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The rise of rapid implementation: a worked example of solving an existing problem with a new method by combining concept analysis with a systematic integrative review

Abstract

Background

The concept of rapid implementation has emerged in the literature recently, but without a precise definition. Further exploration is required to distinguish the concept’s unique meanings and significance from the perspective of implementation science. The study clarifies the concept of rapid implementation and identifies its attributes, antecedents, and consequences. We present a theoretical definition of rapid implementation to clarify its unique meaning and characteristics.

Methods

Rodgers evolutionary concept analysis method, combined with a systematic integrative review, were used to clarify the concept of rapid implementation. A comprehensive search of four databases, including EMBASE, MEDLINE, SCOPUS, and WEB OF SCIENCE was conducted, as well as relevant journals and reference lists of retrieved studies. After searching databases, 2442 papers were identified from 1963 to 2019; 24 articles were found to fit the inclusion criteria to capture data on rapid implementation from across healthcare settings in four countries. Data analysis was carried out using descriptive thematic analysis.

Results

The results locate the introduction of rapid implementation, informed by implementation science. Guidance for further conceptualisation to bridge the gap between research and practice and redefine rigour, adapting methods used (current approaches, procedures and frameworks), and challenging clinical trial design (efficacy-effectiveness-implementation pipeline) is provided.

Conclusions

It is possible that we are on the cusp of a paradigm shift within implementation brought about by the need for faster results into practice and policy. Researchers can benefit from a deeper understanding of the rapid implementation concept to guide future implementation of rapid actionable results in clinical practice.

Peer Review reports

Background

Implementation may be broadly defined as putting an intervention into effect when delivered in a setting, and is one critical element of evidence-based practice [1]. Implementation science is the rigorous study of implementation, described as the method to promote the uptake of clinical research findings and other evidence-based practice into routine practice and hence improve the quality and effectiveness of healthcare [2]. Unfortunately, these definitions exclude a temporal aspect – that is, how we get what works to the people who need it with the greatest speed and efficiency. Some of the early developers of implementation science recognised this in real-world systems-thinking and methods and began responding to estimates that the time it takes to implement research into clinical practice is 17 years on average, with low uptake of evidence-based findings implemented in practice and poor effect sizes when adopted [3]. This time-gap paradigm has created many challenges for practitioners and policy makers who need rapid, actionable results, such that multiple stakeholders (e.g., practitioners, patients, families, decision-makers, administrator and policy makers) are beginning to question implementation success [4, 5]. This is understandable given the poor outcomes from these necessary but what seems insufficient approaches. There remains a troubling implementation gap, defined as the difference between our knowledge of what works and the time it takes to get that knowledge into practice in real-world settings.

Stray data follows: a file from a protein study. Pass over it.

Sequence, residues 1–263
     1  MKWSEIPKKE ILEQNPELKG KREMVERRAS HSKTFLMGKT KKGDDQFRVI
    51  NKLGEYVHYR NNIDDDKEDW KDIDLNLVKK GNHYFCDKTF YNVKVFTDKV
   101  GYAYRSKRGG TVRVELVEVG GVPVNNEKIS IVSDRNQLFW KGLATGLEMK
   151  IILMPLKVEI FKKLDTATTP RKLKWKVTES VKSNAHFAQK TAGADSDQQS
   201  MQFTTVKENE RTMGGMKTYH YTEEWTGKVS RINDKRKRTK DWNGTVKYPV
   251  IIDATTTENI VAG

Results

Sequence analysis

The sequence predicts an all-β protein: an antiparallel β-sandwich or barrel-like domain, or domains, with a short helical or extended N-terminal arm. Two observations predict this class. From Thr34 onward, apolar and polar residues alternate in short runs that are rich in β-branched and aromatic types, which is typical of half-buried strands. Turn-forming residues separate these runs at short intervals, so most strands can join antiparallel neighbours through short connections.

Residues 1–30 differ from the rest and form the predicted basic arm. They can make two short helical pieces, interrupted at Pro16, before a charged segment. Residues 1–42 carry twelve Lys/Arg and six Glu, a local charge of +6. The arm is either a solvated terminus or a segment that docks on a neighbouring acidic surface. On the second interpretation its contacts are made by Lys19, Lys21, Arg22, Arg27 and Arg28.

Rapid implementation is an intriguing possibility to narrow the implementation gap. We can ask whether rapid implementation can be informed by implementation science, but it has yet to be defined in the literature, and studies are few and far between; nor has there been a systematic review on rapid implementation studies undertaken to date within the healthcare and medical spheres. This absence impedes our ability to understand and enable rapid, evidence-based findings to find their way quickly into clinical practice [6]. Similarly, the importance of defining concepts has been shown in the work of behaviour change interventions indicating that without standardised behavioural definitions it is difficult to replicate effective interventions and challenging to identify techniques contributing to effectiveness across interventions [7]. By providing a clear definition of rapid implementation, we avoid concerns previously directed at the science and practice of implementation related to poor consistency of terminology for core concepts that resulted in researchers characterising implementation science as a Tower of Babel [8]. A clear definition will ensure that throughout the research or implementation science field we are all talking about rapid implementation in the same way. This will aid the research community to communicate effectively within and between disciplines, and to apply evidence-based research findings [9]. We sought to use concept analysis to provide a theoretical definition and identify essential elements of rapid implementation.